Rather than revealing a spout hole, popping the top opens the entire top of the can. Will this new type of beer can become popular outside Japan?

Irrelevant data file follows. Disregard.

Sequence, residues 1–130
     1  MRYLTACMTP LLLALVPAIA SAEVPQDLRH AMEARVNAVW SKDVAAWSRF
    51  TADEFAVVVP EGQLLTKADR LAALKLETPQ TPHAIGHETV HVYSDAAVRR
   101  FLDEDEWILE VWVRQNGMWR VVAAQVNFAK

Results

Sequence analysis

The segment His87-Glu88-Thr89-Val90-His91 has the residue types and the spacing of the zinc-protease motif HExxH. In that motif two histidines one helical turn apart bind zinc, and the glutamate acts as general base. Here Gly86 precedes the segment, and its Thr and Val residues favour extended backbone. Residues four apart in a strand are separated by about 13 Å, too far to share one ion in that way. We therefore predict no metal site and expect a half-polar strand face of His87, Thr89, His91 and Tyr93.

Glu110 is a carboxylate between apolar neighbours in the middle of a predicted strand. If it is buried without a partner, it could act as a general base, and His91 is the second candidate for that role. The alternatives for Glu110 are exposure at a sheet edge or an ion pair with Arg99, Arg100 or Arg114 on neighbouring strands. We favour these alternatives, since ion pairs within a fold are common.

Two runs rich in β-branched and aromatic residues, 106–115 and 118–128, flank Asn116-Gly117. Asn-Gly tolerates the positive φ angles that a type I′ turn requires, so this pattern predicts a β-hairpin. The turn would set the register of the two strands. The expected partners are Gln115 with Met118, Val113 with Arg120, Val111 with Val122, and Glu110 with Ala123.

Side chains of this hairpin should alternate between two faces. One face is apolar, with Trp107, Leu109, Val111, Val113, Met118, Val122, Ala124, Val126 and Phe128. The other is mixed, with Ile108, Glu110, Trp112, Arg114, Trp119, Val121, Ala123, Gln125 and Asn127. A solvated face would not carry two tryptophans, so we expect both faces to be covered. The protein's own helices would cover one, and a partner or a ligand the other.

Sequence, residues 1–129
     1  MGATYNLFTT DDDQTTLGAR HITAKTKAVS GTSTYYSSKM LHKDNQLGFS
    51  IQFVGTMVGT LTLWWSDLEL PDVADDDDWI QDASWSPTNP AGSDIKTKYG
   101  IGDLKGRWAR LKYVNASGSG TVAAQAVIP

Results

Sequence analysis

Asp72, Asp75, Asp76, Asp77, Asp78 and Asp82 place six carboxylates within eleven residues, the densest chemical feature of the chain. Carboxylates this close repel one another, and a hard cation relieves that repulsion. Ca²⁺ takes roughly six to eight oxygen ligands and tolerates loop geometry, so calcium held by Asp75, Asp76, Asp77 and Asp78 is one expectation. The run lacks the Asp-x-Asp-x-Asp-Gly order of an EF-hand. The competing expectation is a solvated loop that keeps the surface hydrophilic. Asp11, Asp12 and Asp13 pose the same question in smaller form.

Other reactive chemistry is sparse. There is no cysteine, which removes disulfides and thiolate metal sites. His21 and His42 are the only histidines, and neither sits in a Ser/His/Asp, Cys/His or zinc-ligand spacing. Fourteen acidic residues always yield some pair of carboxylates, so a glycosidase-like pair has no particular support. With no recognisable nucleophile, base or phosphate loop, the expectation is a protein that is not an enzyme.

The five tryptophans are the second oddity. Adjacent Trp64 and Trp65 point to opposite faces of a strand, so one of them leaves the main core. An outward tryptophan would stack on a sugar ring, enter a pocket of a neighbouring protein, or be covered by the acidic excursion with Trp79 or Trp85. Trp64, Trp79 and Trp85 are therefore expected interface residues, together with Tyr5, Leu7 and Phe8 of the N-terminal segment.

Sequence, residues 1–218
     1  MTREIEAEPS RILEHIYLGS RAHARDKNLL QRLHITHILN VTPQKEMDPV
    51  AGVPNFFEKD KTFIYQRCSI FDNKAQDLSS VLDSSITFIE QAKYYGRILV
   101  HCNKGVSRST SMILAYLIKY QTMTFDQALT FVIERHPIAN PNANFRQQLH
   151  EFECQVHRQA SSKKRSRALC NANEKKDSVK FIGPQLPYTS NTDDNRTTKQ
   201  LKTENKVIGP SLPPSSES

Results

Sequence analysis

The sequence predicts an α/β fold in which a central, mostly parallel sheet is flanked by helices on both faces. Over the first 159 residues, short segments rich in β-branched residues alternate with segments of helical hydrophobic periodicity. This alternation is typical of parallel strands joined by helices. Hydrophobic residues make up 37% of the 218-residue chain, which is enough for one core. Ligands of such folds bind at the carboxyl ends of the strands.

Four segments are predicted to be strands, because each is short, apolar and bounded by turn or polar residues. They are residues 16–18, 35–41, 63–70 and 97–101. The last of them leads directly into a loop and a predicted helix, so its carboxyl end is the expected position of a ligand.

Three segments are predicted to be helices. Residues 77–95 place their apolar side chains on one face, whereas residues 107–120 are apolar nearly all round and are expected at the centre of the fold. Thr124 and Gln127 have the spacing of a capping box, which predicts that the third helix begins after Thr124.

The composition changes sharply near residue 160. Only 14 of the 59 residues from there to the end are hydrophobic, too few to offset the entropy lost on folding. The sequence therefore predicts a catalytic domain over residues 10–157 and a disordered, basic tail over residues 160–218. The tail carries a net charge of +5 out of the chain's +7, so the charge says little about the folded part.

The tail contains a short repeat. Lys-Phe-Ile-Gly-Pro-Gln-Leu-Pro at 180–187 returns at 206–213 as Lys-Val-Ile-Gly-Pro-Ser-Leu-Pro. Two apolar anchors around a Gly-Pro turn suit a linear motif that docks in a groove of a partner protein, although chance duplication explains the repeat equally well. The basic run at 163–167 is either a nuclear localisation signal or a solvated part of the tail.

At 3:59 p.m. on a former farm 20 miles (32 km) into the woods of rural Massachusetts, 150 people, most between the ages of 21 and 40, and from at least a half dozen U.S. states, queue in the dirt swept by winter winds behind a large, green aluminium shed no more than a decade old. Its door opens for the day at 4 p.m., but only for four hours. By 5 p.m., the queue outside the opened door will be 350-people long. This is the Tree House Brewing Company of Monson, Massachusetts. Hundreds have traveled to this unlikely location because Tree House is arguably the best artisinal brewer in the United States. In BeerAdvocatecom‘s ranking by thousands of people of the top 250 beers brewed in the U.S., three of the top five ( indeed, seven of the top U.S. 20) are from this shed, including the top beer. Tree House doesn’t distribute its products to pubs, restaurants, or stores. Its beer can only be gotten here. Yet none of its beer can be drunk here because the brewery doesn’t have a pub license. The first few hundred people waiting in queue will be allowed to buy a limited number of cans of beers (I bought two six-packs for $43), although those towards the back of the queue might be too late. An hour after the door opens, one of three of that day’s fresh-brewed varieties has sold out. By 6 p.m., a second is out. And by 8 p.m., no matter what, the door closes for another day.